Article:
If your receiving area can be closed off from the rest of the facility (i.e., with a door), it can be as simple as placing some sticky traps in the racks and leaving them overnight. Inspect the cards and a few plants in the morning, make a note of what you observe and take pest management action as necessary. This method could work very well in tandem with mycoinsecticide dips.

4. Plant growth regulator dips for tricky planter and basket combinations.
Producing a crop that is uniform in size and shape is an important goal for a greenhouse. Not only does it help you use rack space with maximum efficiency, but it serves as a symbol of consistent product quality. Growers will often employ a combination of chemical, manual and environmental methods to control plant height or stem elongation. Plant growth regulators (PGR) are usually the most efficient method and are often applied as sprays or drenches. A more difficult challenge arises when several different plant species are combined within the same container, often resulting in a dissonant collection of conflicting growth habits and incompatible PGR requirements (Photo 2).


Photo 2. The petunia in this combination basket has almost swallowed the geranium.

PGR liner dipping is a method that could help provide consistent and predictable results for single-species crops and combo planters. While this method may require some logistical adjustments on the transplant line, the strategic application of PGRs to certain species before they’re transplanted in the finish containers can be an elegant way to rein in vigorous varieties without retarding less aggressive species.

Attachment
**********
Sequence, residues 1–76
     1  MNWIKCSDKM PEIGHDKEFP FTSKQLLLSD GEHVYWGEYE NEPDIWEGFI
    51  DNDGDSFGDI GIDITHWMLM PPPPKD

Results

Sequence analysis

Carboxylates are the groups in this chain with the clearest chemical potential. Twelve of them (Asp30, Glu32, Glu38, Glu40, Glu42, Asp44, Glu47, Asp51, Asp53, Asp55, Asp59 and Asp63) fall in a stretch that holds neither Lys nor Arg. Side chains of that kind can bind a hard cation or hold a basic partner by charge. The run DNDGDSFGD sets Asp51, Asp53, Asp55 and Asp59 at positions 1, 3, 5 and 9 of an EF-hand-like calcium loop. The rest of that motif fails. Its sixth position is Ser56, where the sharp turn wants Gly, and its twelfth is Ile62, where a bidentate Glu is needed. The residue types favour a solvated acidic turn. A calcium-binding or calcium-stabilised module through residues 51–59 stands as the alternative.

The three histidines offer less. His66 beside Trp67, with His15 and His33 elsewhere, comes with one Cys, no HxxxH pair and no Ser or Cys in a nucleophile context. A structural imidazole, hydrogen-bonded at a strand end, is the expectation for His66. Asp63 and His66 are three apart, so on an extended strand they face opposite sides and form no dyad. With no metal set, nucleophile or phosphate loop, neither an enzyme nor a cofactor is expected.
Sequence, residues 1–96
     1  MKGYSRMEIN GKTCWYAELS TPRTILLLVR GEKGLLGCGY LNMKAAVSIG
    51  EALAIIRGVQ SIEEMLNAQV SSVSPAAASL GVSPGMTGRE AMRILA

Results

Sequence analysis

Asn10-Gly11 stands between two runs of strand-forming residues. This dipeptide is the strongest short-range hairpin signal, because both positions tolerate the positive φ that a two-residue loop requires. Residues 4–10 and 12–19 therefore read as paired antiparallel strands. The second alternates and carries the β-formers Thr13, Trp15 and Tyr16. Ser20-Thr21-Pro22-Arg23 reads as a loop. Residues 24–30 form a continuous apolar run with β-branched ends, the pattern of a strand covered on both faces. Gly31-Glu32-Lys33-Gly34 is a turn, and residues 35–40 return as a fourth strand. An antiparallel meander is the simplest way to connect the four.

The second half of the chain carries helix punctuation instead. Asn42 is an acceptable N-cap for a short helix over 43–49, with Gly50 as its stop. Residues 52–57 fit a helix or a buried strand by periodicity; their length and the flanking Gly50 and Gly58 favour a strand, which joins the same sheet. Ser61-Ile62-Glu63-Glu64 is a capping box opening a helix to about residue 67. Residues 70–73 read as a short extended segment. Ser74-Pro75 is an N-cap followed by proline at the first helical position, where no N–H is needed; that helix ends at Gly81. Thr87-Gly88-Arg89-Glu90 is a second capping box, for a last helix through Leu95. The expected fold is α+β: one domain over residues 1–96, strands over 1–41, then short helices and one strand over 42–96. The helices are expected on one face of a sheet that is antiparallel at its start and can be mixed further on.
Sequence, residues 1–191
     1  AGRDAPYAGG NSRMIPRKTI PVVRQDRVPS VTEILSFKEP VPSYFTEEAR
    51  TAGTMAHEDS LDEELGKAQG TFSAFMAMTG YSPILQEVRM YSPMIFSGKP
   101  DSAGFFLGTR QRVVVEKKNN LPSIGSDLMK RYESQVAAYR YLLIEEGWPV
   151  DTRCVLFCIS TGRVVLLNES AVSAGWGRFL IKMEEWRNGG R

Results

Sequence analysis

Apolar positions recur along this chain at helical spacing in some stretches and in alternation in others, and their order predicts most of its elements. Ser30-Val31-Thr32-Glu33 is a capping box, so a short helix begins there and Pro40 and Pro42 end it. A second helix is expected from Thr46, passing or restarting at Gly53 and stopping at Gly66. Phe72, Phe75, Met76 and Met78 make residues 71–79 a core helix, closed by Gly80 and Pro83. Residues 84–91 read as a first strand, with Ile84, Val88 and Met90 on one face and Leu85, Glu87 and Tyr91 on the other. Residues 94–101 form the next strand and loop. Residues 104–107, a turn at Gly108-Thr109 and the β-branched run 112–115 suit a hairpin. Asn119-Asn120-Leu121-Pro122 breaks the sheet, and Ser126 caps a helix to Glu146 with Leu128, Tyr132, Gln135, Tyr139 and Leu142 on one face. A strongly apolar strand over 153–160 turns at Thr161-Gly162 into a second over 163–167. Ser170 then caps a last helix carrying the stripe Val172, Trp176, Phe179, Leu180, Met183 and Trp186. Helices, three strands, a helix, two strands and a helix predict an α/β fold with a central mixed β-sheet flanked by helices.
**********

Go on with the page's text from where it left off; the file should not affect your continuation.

Information on this subject is abundant, but here are a few links to start:
Contact a member of the MSU Extension Floriculture Team for more details and technical assistance.

5. Staying informed on new Worker Protection Standards.
The EPA Worker Protection Standard (WPS) was originally created in 1992 and designed to reduce the risk of pesticide accidents with workers in agriculture. Major revisions to these regulations occurred in 2015, but many of the new requirements weren’t scheduled to go into effect until 2017 and 2018.

Even though these regulations can be complicated and confusing, employers are still obligated to meet the newest requirements. The MSU Extension Floriculture Team has arranged for several experts to come talk to you and answer any questions you may have regarding the Worker Protection Standard, respirators and regulatory inspections.

Programs are open to all and scheduled at three locations in January. Join us on one of the following dates:
WPS compliance is very important. If you cannot make it to one of the programs and you have questions about the requirements, do not hesitate to contact a member of the MSU Extension Floriculture Team. Be sure to check back for future articles on the subject.

This article was published by Michigan State University Extension. For more information, visit http://www.msue.msu.edu.